Let us consider an example which accepts a user-interface event (e.g. key press, pointer motion) and follows 1 of 2 paths: either we intercept it and take some action or deal with it normally (whatever that might mean here):


# #![allow(unused_variables)]
#fn main() {
match ui.wait_event() {
    KeyPress(mod_, key, datum) if let Some(action) = intercept(mod_, key) => act(action, datum),
    ev => accept!(ev),
}
#}

Here is another example, to respond to ANSI CSI escape sequences:


# #![allow(unused_variables)]
#fn main() {
#[inline]
fn csi_dispatch(&mut self, parms: &[i64], ims: &[u8], ignore: bool, x: char) {
    match x {
        'C' if let &[n] = parms => self.screen.move_x( n as _),
        'D' if let &[n] = parms => self.screen.move_x(-n as _),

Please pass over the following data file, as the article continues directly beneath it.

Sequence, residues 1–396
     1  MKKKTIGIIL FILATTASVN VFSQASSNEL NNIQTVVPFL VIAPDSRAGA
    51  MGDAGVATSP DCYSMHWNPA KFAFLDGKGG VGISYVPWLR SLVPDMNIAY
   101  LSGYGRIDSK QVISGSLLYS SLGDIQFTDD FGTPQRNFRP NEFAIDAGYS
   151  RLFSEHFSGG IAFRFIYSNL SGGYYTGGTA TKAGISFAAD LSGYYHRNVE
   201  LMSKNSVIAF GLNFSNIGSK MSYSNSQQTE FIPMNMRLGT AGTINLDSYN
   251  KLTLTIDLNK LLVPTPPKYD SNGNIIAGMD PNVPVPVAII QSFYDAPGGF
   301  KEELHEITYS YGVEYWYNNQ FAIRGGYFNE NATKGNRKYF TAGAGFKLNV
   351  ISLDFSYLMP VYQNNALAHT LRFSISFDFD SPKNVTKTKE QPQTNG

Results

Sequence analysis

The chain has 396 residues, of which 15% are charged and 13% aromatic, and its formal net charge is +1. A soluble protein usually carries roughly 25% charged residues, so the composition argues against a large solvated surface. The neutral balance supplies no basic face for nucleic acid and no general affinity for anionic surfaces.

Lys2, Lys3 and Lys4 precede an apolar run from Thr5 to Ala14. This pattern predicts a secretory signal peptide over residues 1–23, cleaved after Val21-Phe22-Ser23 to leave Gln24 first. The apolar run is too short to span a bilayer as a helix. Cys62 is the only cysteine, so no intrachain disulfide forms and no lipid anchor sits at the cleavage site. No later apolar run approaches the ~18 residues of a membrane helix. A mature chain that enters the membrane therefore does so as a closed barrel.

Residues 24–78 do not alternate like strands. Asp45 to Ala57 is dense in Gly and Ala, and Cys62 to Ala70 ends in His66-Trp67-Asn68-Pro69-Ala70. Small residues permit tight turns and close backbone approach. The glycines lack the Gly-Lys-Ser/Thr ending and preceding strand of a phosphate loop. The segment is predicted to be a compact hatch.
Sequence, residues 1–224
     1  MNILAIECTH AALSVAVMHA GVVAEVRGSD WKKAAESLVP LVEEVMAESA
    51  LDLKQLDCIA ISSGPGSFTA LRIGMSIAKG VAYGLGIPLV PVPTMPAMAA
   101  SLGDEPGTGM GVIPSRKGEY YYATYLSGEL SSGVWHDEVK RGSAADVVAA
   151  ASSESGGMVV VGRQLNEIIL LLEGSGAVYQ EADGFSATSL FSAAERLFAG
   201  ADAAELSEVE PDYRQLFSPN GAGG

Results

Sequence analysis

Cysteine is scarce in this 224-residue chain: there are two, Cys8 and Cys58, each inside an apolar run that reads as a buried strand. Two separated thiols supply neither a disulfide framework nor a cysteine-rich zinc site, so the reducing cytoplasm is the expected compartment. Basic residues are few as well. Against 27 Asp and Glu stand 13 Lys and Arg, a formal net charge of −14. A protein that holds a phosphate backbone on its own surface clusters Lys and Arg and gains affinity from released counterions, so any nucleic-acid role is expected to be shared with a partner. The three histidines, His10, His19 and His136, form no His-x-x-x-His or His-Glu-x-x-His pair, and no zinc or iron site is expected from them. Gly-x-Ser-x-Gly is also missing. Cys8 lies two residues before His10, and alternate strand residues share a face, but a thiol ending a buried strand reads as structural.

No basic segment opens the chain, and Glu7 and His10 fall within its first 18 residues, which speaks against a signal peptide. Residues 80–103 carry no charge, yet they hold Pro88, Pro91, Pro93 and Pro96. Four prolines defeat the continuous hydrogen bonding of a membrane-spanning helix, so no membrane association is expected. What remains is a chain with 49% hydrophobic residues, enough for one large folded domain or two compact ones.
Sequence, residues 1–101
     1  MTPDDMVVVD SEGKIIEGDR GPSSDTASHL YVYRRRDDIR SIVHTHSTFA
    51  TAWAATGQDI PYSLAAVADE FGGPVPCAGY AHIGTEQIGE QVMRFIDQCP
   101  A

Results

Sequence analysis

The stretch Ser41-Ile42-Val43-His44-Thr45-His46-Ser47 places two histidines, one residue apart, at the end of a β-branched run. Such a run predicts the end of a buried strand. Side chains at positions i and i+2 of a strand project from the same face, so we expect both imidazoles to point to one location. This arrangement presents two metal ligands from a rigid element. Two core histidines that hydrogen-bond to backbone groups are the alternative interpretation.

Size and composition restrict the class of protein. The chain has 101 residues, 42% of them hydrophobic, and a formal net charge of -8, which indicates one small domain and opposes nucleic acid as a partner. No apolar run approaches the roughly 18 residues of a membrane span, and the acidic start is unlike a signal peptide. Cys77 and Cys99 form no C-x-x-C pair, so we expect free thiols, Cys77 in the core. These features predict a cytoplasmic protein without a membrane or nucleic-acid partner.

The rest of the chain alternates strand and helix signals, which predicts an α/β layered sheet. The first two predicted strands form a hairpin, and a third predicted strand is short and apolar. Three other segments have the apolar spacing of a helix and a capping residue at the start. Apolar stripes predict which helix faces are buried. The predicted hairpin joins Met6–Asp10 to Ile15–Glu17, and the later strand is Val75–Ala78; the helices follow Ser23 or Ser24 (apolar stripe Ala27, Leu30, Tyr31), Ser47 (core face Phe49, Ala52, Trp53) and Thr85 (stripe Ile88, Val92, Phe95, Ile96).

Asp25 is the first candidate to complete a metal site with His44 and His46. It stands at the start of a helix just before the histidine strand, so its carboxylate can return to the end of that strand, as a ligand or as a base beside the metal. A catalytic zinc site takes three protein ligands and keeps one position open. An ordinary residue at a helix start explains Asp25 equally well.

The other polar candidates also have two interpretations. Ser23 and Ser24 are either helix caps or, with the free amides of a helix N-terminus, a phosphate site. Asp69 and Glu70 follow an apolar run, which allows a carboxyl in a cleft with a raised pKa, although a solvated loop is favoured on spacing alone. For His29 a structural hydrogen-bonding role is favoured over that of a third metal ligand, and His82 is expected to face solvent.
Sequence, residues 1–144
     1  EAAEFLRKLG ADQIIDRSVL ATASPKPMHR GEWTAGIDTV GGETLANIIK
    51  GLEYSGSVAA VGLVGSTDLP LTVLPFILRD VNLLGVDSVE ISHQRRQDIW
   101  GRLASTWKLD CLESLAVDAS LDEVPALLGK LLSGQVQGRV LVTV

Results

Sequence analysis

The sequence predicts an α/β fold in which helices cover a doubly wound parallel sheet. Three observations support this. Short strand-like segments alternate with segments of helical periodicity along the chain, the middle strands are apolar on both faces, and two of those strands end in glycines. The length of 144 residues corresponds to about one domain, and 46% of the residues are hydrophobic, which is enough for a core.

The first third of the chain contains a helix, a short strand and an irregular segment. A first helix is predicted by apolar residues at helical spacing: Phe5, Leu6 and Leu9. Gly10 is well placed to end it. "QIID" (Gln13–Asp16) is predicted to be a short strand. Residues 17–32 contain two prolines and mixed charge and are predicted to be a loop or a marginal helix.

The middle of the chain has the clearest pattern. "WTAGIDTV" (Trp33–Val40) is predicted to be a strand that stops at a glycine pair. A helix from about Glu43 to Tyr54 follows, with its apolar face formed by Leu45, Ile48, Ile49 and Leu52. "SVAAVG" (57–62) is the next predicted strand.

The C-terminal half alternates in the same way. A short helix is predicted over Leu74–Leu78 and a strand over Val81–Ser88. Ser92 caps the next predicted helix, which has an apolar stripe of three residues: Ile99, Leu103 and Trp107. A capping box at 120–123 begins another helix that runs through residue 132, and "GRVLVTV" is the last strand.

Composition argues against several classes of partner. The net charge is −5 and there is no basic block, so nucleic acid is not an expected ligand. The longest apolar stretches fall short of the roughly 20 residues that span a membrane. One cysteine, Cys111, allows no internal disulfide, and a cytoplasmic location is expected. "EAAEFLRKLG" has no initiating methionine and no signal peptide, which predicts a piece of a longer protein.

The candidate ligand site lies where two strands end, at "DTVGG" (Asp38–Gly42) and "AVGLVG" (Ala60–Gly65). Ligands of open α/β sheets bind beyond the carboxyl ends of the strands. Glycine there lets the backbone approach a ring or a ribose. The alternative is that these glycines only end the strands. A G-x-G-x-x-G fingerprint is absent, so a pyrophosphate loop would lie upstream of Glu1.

_ if let Some(e) = erasure(x, parms) => self.screen.erase(e, false),
        'm' => match parms {
            &[] |
            &[0] => *self.screen.def_attr_mut() = Attr { fg_code: 0, fg_rgb: [0xFF; 3],
                                                         bg_code: 0, bg_rgb: [0x00; 3],
                                                         flags: AttrFlags::empty() },
            &[n] if let (3, Some(rgb)) = (n / 10, color_for_code(n % 10, 0xFF)) =>
                self.screen.def_attr_mut().fg_rgb = rgb,
            _ => log_debug!("Unknown CSI sequence: {:?}, {:?}, {:?}, {:?}",
                            parms, ims, ignore, x),
        },
        _ => log_debug!("Unknown CSI sequence: {:?}, {:?}, {:?}, {:?}",
                        parms, ims, ignore, x),
    }
}

#[inline]
fn erasure(x: char, parms: &[i64]) -> Option<Erasure> {
    match x {
        'J' => match parms {
            &[] |
            &[0] => Some(Erasure::ScreenFromCursor),
            &[1] => Some(Erasure::ScreenToCursor),
            &[2] => Some(Erasure::Screen),
            _ => None,
        },
        'K' => match parms {
            &[] |
            &[0] => Some(Erasure::LineFromCursor),